The BBC has apologised for mistakenly running an out-of-date clip of Boris Johnson laying a wreath.
It said a production error led to BBC Breakfast showing images purporting to be the prime minister attending a Remembrance Day service on Sunday, when in fact the clip was from 2016.
"This was a production mistake and we apologise for the error," the corporation said in a statement.
Some members of the public questioned the BBC's impartiality on social media.
This morning on the programme we incorrectly used footage from a Remembrance Day service that was not filmed yesterday.— BBC Breakfast (@BBCBreakfast) November 11, 2019
This was a production mistake and we apologise for the error.
The clip showed a younger Johnson when he was Foreign Secretary, as well as former Prime Minister David Cameron and ex-Liberal Democrat leader Tim Farron.
One Twitter user responded: "That begs the question, why was the production team looking into archive rather than the footage released yesterday? Was it a damage limitation expertise? Shame on you BBC, I have always defended you, loved you, am so disappointed."
But BBC Breakfast editor Richard Frediani explained that the 2016 footage from the archive had been restored in the system early yesterday morning in order to preview the Remembrance Sunday service.
To explain the production error on @BBCBreakfast, the footage of Remembrance Sunday 2016 was among archive restored at 0403am on Sunday to preview the service. It was used in error today. Claims it was combined with 2019 footage this morning are wholly incorrect.— Richard Frediani (@BBCFrediani) November 11, 2019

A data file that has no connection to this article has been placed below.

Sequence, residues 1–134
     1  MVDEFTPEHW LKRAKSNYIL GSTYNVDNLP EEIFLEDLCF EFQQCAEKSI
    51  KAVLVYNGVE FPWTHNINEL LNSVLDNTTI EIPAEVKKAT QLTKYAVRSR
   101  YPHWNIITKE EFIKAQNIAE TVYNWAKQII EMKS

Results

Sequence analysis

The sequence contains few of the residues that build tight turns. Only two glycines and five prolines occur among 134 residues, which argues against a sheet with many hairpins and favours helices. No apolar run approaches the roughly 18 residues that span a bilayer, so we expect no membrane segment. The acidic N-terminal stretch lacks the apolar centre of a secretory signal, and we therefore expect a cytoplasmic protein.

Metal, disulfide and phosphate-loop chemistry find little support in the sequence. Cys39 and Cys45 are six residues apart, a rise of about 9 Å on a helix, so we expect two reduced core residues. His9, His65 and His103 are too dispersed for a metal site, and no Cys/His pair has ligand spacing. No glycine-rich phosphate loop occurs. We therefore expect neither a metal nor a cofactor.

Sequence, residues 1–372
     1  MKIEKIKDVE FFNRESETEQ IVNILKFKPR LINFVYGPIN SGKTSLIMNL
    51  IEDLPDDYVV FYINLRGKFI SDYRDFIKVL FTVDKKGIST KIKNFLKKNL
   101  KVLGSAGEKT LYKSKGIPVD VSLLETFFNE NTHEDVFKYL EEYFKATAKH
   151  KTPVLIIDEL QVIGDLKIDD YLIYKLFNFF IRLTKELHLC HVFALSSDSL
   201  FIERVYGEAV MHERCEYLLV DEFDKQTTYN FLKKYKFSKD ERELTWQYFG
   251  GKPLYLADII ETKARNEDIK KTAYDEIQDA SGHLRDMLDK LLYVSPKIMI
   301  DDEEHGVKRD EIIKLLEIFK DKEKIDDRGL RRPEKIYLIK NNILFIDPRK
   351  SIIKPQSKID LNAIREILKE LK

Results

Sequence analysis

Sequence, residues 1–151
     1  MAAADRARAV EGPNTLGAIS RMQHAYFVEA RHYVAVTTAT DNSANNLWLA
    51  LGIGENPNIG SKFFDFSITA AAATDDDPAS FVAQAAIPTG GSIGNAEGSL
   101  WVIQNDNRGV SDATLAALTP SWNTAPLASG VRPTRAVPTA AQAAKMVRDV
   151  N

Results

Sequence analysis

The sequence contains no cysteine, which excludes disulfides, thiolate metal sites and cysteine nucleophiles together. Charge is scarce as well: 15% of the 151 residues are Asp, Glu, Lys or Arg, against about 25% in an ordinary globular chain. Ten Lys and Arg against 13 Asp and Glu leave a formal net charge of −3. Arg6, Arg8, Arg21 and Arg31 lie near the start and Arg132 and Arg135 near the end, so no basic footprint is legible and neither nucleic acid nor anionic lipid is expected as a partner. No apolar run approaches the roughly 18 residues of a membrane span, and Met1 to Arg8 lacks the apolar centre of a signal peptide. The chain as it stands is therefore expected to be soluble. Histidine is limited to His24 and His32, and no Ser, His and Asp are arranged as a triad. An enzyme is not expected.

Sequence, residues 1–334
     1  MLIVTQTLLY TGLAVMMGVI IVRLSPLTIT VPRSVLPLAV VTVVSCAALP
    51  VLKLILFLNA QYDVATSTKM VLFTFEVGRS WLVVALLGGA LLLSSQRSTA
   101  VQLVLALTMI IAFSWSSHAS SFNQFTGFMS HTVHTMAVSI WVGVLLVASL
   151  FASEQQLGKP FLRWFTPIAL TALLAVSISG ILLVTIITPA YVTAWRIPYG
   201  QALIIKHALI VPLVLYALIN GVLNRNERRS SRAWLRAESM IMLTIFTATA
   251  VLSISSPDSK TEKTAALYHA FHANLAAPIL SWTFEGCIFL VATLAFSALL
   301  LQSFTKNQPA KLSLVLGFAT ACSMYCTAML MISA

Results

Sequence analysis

LBC and former BBC presenter Shelagh Fogarty also leapt to the BBC's defence, replying that there was nothing sinister about the mistake, which she suggested can happen in the cut and thrust of a busy news programme.
And your tweet begs the question have you ever produced Breakfast TV?— Shelagh Fogarty (@ShelaghFogarty) November 11, 2019
On Sunday, some online newspapers pointed out that Johnson placed the wreath with the note facing the wrong way up at the Cenotaph, while Labour leader Jeremy Corbyn also came under criticism from some who felt he did not bow deeply enough.
A spokesman for the British Legion told the BBC: "As far as we're concerned, there is no right or wrong way to lay a wreath."
Some Twitter users have asked BBC Breakfast for an on-air apology on Tuesday's programme.
Will you be showing the actual footage and apologising tomorrow?— Crispian Wheldon (@CrispianWheldon) November 11, 2019